Volleyball Tryouts: Making Cuts

High school and club volleyball coaches have a very difficult time when it comes to cutting players from their teams. Some teams have so few players that the coaches can only dream about being selective. But for those coaches that do have to make cuts, it’s never easy.

This article is about building a competitive program, and specifically, building a competitive high school program. Some teams may opt for inclusiveness over competitiveness, where cuts aren’t made and/or where everyone on the team gets nearly equal playing time. This article is not about that type of program.

I knew of a girls varsity team that had eight seniors, and only four of them were in the regular rotation. The regular rotation consisted of four seniors, three juniors, and a sophomore. That meant that four seniors (and their parents) were unhappy about their playing time throughout the season. They did get some playing time when they played the lower teams in their section, but that took away valuable match experience from some of the sophomores that needed to get experience for their next two years. It would have been better to have cut four of those seniors after their sophomore year.

Unless your program is so small or so new that you’re begging for players, each successive year of a particular class should probably involve the whittling down of players within that class. Some players will eliminate themselves from contention as they decide that they don’t want to devote so much time to volleyball, or as they realize that they won’t be playing much. Some may need to be told the difficult news that the coaches don’t see them being able to eventually contribute at the varsity level.

In other cases, it may be that cuts need to be made for the overall health of the team. That may be due to skill level, or it may be for the sake of team dynamics (see “attitude”).

Whatever the reasons for making cuts, coaches need to make their decisions based on the overarching goal of putting together the best team for that particular season. But also, for high school teams, where the underclassmen will likely be returning the following year, coaches need to make decisions this season to put together the best team for the next season (and the next, and the next, etc.).

In my experience, initially as a high school player and now as a high school coach, I’ve come to the conclusion that a reasonable player distribution for a typical 12-player varsity team would be:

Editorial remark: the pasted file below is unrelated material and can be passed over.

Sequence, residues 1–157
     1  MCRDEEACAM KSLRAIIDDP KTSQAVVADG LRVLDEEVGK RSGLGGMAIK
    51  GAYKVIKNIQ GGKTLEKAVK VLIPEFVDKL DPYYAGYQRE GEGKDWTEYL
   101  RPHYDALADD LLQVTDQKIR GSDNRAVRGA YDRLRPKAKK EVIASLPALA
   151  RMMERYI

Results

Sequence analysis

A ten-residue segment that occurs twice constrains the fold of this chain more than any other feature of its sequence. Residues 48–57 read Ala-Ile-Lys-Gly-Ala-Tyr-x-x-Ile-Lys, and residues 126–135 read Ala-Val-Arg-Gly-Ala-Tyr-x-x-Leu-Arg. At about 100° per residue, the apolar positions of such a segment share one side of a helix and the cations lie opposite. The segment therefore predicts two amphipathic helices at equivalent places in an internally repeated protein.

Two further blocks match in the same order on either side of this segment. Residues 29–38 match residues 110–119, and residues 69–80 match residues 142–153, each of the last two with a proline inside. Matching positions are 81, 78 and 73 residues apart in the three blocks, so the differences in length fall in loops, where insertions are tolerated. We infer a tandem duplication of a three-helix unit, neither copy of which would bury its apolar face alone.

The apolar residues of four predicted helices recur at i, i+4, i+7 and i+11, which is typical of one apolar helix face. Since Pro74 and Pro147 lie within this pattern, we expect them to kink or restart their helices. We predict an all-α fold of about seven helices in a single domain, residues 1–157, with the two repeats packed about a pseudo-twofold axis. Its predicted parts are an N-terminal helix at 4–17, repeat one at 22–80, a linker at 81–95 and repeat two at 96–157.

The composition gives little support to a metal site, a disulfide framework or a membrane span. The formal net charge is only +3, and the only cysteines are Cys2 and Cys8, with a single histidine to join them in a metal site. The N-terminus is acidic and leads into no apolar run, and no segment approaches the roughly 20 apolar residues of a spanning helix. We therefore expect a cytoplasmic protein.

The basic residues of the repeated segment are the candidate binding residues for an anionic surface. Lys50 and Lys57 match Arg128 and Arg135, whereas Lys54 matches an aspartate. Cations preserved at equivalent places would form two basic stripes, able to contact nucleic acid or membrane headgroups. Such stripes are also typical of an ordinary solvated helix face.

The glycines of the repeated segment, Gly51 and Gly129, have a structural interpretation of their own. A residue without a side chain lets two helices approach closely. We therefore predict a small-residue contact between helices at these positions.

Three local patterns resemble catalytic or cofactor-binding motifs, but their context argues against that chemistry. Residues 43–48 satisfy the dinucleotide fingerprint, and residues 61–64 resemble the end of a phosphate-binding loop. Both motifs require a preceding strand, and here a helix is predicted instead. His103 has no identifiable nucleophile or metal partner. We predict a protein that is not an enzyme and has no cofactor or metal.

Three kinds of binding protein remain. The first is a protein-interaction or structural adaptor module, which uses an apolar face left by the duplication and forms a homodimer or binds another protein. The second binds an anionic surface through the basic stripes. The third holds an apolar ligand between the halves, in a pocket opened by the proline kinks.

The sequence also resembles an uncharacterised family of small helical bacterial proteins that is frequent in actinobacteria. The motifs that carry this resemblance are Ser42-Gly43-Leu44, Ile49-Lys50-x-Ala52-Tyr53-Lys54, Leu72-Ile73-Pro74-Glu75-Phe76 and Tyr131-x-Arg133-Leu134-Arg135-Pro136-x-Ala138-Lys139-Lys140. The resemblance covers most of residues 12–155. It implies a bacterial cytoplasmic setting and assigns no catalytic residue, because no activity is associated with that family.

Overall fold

• 3 or 4 seniors
  • 3 or 4 juniors
  • 2 or 3 sophomores
  • 1 or 2 freshmen

Of course, this isn’t a hard-and-fast rule; ultimately, your team needs to be made up of the best mix of players for that particular season. But it’s important to avoid being too heavy on seniors such that you’re not preparing the younger players for the following year. If you dress more than 12 players for varsity, then the numbers per grade can obviously go up, but I wanted to show a relative distribution based on a 12-player varsity roster.

Freshman on the varsity team don’t necessarily have to even be good enough yet to play at that level; their training can be taking place in JV. But dressing for varsity, warming up with the team, and going to all the varsity tournaments is all good experience for them. It’s also a “reward” for being the best freshman and presumably the most promising players in their class.

Some or all of the sophomores on the varsity may be still playing JV, but if they are not yet regular contributors to the varsity matches, they should be at least adequate players at the varsity level, and should see some playing time throughout the season. Assuming that your JV and varsity program has plenty of players, it might be the case that not all sophomores will be good enough to even make the varsity team.

As for the juniors on the varsity team, this is where the rubber meets the road. If a junior wasn’t good enough to make the varsity team as a sophomore, then that player should have developed considerably as a sophomore and be ready to contribute at the varsity level as a junior. If that player hasn’t developed into a player that can contribute on the varsity squad, or for that matter, if a sophomore that did make the varsity the previous year has not continued to develop at the rate that you had hoped, then this is when they need to be told this truth and probably be cut. It will be a difficult conversation with the player, and may turn into a conversation with the parents, but it will lower a coach’s stress level for the next two seasons.